With the threat of jobless growth in the economy subduing, it appears that most sectors will churn out jobs in India this year. According to the ‘TimesJobs RecruiteX Dec2017 Edition,’  the top hiring sectors of 2018 will be legal & law, accounting & tax, and human resources. The demand for medical professionals, business consultants and freelance profiles will grow. However, ‘Assocham-Thought Arbitrage Paper’  notes that real estate, organized retail, transportation and logistics will add more jobs in India. It also states that while IT and ITeS industry has reached its plateau in job creation, it will still employ one million people in the next five years. Similarly, an article titled ‘Hiring Trends 2018’ published in India Today, predicts that the sectors which will drive job market are likely to be IT, FinTech, e-commerce, auto technology, pharma/healthcare, FMCG and banking.

Factors That Will Drive Job Creation

  1. Rising Adoption of Technology

Indian companies are swiftly embracing such technologies as Artificial Intelligence (AI), quantum communication and big data intelligence, robotics, digital manufacturing, blockchain, 3D printing, machine learning and Internet of Things (IoT), as the ‘Digital India’ initiative of the ruling government picks up further momentum. In its latest budget, the government has doubled the allocation to the ‘Digital India’ programme to $480  million in 2018-19, and is investing significantly in research, training and skill development. It clearly indicates the government’s focus on the technological growth of the country. According to the McKinsey Global Institute report ‘India’s Technology Opportunity: Transforming Work, Empowering People’,  technology diffusion and adoption in India has an immense potential to add the economic value of $550 billion to $1 trillion per year in 2025 and create millions of well-paying, productive jobs.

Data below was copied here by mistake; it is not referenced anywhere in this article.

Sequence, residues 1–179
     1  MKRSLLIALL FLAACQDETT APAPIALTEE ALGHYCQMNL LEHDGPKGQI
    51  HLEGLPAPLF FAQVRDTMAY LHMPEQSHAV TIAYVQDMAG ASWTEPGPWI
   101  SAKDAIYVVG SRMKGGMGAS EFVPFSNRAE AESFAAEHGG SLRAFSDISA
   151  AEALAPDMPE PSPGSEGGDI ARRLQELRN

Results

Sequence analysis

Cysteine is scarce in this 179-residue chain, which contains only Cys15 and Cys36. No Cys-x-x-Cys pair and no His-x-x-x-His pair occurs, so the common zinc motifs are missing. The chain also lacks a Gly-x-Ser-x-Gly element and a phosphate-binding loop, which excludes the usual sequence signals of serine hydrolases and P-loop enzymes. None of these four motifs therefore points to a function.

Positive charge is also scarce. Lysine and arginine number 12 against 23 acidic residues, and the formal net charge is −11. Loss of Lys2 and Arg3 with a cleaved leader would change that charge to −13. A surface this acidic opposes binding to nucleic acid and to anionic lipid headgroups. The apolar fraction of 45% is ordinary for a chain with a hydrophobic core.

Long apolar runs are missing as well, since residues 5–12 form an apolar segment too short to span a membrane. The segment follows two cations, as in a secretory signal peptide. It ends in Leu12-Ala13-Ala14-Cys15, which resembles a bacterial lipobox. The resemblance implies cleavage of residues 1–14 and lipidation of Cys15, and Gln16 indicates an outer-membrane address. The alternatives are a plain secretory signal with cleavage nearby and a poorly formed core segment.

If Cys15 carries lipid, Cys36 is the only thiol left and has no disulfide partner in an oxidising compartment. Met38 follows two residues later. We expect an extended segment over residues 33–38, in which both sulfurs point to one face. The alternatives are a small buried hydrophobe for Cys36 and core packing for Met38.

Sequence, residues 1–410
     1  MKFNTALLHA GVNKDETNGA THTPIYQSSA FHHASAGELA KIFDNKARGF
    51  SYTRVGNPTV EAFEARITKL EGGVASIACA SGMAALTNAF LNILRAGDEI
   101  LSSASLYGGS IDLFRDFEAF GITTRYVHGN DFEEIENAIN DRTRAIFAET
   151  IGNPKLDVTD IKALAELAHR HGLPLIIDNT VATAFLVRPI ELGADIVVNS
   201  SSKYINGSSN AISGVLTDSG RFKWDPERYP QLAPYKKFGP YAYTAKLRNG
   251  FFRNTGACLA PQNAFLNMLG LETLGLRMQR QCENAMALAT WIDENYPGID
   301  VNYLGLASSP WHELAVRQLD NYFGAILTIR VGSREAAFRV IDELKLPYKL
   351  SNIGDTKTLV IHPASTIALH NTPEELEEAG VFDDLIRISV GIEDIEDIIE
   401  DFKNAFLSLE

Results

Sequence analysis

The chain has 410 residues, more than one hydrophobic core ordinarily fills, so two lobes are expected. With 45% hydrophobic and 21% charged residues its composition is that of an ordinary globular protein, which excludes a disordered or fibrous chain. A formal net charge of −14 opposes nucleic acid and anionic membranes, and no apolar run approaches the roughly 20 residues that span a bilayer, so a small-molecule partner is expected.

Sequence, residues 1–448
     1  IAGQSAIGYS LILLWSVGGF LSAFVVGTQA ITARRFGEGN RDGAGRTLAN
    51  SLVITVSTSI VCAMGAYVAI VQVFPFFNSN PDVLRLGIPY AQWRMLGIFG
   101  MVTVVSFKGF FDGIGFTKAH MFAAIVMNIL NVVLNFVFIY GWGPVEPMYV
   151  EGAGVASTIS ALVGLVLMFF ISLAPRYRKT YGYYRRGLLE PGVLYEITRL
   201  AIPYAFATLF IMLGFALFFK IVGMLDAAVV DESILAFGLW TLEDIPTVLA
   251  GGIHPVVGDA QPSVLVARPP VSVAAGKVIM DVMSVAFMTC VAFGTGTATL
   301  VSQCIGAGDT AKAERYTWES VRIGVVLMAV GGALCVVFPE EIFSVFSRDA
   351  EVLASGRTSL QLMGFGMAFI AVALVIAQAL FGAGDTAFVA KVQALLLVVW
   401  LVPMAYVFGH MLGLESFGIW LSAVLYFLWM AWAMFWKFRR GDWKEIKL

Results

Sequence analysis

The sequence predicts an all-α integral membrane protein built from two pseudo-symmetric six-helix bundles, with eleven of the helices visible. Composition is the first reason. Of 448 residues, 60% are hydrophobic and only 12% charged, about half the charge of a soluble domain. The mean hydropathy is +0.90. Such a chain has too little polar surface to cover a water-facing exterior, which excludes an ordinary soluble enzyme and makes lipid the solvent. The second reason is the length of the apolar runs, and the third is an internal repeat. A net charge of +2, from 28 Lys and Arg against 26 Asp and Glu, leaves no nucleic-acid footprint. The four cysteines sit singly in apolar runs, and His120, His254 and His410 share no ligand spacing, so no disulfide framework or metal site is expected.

2. Creation of Jobs That Don’t Exist Today

A joint report, ‘Future of Jobs in India’,  commissioned by FICCI and NASSCOM, has revealed interesting data: 9 percent of India’s 600 million estimated workforce will be deployed in new jobs that do not exist today. While automation of work is a reality, it will also create demand for more technical skills. At the same time, demand for jobs that require emotional intelligence, social skills and creativity will rise

3. Rebound of Sectors

After the roll-out of demonetization and GST, there was a major slump in startups, Small and Medium Sized Enterprises (SME), infrastructure and manufacturing industries. However, the negative impact is now weakening and these sectors are likely to rebound. They are likely to push their businesses to drive sales and, in turn, create job opportunities.

4. Economic Growth